“Showcase their STEM talent”: Amador students compete in Alameda County Science & Engineering Fair


Alameda County Science and Engineering Fair (ACSEF) hosts their annual science fair open to middle and high schoolers for the 15th year (Photo provided by ACSEF.)

Spanning across three days, the Alameda County Science and Engineering Fair (ACSEF) was hosted on 3/24-3/26 at the Ohlone College Newark for all high school and middle school students in the county. 

It’s an opportunity for students to compete with their science and engineering projects in an effort to move up towards international levels for high schoolers.

“I wanted to direct the fair to ensure ACSEF would be available to allow students of Alameda County a place to showcase their STEM talent, be able to challenge themselves at the Fair, if possible the California State and Engineering Fair (CSEF) and International Science and Engineering Fair (ISEF),” said Balita Shepperson, ACSEF Director.

All grade 6-12 students in Alameda county from homeschool, charter, public, private and parochial schools were all allowed to participate. And many Amador Valley High School students jumped at the opportunity to participate.

“For my project, which I chose based on my interests, I used bioinformatics tools to research how spaceflight affects gene expression and its implications. When presenting to the judges, I received a lot of valuable feedback. Some of them also worked in the biotech industry and so talked about similar work they did, which was really nice to hear and learn from,” said Lekha Anand, Amador Valley HS competitor who won the high school 4th place awards

Competitors brought their displays to set up on the first day of the event, where they later went through two rounds of judging the day after.

“My project was about myco-phytoremediation, which is phytoremediation and Environmental Engineering. I got the idea from our AP environmental science lab and field studies, and a film that we watched called Fantastic fungi. It was really nice to attend the fair and to find other people who are passionate about solutions to combat issues in the environment,” said Ishan Joshi, Amador Valley HS competitor who won the high school 1st place awards.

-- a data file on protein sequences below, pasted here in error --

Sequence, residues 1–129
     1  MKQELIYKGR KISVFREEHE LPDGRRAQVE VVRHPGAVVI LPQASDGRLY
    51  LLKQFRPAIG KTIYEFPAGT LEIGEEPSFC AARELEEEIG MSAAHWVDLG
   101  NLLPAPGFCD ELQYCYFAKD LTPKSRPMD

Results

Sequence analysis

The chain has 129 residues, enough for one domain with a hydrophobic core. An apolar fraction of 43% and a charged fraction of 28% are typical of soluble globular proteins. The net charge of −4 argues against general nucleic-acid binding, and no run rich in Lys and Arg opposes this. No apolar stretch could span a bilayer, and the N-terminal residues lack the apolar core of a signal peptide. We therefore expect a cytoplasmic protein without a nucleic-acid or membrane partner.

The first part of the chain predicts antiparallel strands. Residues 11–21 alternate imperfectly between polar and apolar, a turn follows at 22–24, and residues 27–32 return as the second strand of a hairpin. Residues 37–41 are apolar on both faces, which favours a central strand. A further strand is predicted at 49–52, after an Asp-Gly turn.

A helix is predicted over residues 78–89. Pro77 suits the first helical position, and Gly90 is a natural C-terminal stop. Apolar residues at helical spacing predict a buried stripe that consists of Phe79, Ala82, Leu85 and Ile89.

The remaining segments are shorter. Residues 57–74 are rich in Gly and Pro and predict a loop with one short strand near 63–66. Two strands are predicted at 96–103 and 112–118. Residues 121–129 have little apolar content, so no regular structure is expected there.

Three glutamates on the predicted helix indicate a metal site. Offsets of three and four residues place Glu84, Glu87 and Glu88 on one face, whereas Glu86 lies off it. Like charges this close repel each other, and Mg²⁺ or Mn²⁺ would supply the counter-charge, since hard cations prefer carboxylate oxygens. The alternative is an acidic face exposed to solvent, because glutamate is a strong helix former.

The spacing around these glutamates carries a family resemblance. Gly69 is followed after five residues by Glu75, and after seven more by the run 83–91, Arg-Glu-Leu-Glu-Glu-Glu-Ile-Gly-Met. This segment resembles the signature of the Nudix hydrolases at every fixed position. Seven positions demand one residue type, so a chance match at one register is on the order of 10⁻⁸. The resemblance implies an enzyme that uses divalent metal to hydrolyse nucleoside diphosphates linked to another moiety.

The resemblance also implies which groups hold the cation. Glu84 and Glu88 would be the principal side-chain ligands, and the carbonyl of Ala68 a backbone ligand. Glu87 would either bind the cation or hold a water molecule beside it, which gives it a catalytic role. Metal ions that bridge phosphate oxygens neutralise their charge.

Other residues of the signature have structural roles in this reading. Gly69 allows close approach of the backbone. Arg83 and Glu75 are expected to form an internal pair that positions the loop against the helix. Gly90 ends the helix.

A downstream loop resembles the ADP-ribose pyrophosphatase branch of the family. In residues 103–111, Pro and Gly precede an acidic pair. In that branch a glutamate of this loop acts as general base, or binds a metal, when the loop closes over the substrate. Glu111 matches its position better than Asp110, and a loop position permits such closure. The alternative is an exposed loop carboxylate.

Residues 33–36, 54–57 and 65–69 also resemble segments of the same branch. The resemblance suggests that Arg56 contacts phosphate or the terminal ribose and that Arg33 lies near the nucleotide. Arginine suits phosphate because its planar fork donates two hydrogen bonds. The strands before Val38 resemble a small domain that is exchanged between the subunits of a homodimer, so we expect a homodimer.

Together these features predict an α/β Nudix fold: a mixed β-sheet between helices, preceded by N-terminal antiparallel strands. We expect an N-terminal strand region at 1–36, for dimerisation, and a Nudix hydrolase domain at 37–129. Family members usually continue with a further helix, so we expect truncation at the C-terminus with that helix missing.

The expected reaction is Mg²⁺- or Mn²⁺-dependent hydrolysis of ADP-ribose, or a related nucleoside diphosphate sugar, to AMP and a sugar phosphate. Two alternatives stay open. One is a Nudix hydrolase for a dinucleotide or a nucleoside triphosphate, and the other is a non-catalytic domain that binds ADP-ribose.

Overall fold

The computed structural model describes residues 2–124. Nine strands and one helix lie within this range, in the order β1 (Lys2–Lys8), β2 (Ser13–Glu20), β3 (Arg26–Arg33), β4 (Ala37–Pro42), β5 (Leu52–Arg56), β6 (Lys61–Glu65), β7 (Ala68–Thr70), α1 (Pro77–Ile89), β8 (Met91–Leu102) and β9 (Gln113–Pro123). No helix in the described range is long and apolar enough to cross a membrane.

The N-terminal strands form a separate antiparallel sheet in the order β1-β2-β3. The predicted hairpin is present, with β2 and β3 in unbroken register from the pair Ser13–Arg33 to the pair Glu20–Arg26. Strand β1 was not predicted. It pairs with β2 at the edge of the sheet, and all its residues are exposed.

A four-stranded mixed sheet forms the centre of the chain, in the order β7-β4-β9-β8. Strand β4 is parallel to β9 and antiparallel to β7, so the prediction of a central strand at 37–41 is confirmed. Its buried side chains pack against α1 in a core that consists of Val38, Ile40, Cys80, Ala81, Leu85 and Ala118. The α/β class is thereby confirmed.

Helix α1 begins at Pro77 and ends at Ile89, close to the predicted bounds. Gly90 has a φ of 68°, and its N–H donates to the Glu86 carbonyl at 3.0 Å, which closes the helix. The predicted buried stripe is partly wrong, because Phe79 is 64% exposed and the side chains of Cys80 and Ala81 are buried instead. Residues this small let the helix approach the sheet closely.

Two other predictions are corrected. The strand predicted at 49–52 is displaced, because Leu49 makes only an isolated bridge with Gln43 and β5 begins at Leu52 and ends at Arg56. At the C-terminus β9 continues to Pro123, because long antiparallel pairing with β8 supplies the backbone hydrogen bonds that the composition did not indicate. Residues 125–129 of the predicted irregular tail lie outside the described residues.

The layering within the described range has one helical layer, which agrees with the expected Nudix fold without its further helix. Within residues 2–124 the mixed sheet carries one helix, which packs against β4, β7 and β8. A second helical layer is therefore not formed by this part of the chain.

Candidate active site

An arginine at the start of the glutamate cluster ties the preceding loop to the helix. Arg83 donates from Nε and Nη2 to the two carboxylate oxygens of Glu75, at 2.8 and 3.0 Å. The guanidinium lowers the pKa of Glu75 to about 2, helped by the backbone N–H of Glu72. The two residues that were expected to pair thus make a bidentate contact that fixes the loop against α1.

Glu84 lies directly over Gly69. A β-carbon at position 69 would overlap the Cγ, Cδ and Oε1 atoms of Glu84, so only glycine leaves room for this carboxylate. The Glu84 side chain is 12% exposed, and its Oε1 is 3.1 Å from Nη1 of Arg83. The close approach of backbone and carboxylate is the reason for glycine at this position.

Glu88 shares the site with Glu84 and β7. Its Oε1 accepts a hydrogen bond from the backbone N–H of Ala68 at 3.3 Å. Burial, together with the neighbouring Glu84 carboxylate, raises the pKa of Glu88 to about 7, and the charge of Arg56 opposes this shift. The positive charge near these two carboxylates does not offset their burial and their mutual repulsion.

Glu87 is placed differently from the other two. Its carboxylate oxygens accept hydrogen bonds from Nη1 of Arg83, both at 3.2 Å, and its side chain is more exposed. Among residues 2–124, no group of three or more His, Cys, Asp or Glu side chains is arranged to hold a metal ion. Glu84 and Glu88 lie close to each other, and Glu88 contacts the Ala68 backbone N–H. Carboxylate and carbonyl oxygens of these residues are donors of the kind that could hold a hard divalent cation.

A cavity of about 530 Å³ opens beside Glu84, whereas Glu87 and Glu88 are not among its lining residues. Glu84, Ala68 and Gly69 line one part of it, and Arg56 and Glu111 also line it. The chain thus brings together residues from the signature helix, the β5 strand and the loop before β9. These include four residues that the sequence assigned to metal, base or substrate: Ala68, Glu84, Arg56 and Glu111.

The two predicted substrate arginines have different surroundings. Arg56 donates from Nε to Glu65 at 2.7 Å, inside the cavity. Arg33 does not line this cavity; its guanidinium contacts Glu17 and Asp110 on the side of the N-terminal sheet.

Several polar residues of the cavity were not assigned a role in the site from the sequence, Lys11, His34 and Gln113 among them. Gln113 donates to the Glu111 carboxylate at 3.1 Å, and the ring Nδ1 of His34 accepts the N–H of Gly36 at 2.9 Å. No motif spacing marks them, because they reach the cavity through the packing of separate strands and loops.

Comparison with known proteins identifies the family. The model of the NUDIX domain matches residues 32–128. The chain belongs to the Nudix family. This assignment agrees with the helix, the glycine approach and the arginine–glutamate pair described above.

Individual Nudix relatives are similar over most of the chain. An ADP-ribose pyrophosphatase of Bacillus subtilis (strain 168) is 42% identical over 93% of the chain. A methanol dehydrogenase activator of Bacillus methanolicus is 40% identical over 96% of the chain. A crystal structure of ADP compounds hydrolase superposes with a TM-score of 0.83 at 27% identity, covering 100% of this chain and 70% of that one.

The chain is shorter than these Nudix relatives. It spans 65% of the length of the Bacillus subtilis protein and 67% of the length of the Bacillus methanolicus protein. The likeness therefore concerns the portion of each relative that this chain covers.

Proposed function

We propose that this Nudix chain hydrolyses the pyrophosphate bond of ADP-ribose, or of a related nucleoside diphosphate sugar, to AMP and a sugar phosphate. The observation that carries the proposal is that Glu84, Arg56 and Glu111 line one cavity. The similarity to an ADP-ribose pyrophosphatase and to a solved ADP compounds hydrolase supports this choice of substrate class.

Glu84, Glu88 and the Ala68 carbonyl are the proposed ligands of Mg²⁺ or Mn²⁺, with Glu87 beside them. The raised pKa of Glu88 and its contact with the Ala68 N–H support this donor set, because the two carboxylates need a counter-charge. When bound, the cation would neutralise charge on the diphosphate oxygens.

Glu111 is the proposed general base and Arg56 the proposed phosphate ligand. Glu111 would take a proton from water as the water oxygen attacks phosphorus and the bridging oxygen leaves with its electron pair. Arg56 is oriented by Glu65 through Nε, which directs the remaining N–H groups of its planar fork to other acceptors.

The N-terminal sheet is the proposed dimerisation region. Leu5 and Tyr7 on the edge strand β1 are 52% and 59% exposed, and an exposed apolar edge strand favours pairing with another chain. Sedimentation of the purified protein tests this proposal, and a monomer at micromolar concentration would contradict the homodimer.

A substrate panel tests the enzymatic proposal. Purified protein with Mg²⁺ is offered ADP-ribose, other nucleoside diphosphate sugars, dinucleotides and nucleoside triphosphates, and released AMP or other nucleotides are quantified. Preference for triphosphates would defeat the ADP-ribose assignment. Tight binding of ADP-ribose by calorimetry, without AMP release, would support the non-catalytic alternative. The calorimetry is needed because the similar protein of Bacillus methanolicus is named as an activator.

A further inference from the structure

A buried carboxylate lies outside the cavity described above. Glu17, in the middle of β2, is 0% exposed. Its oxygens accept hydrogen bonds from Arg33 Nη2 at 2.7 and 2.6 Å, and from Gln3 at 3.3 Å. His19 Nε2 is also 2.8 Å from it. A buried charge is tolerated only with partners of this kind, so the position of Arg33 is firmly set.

Hosting the 12th Alameda county science and engineering fair, Patti Carothers, who founded the science fair after leading several of her students to ISEF as a teacher at Monte Vista high school.

“Every bit of hard work has paid off for several thousand Alameda County kids to experience hands-on minds-on authentic research. It is thrilling to see their eyes light up with the passion for what they have learned and the screams of joy at the award ceremony!” said Carothers.


Not only have many students from Amador Valley HS competed this year for a spot at the international science and engineering fair, Amador Valley students from previous years have also returned to the fair to give back to the STEM community.

This year, I was an organizer for the fair, serving as the president of the Student Leadership Board, which I founded during my sophomore year. We helped with check-ins, project setup, judging day, giving out science kits, etc. It was great to give back to this amazing event that has given me so much over the years,” said Tony Wang, President of the Student Leadership Board and ‘22 ISEF Qualifier.

The Alameda county science and engineering fair is an effort put together by the ACSEF organizing board, judges, sponsors, directors, and volunteers to truly highlight all the talented STEM contestants in Alameda county.

“Directing the fair is like putting together a puzzle. All of the pieces have to come together just right for a successful event. It is rewarding to work with a great group of people who have a common goal. The organizing of location and awards can get a bit hectic, but we get it all to work out in the end,” said Shepperson.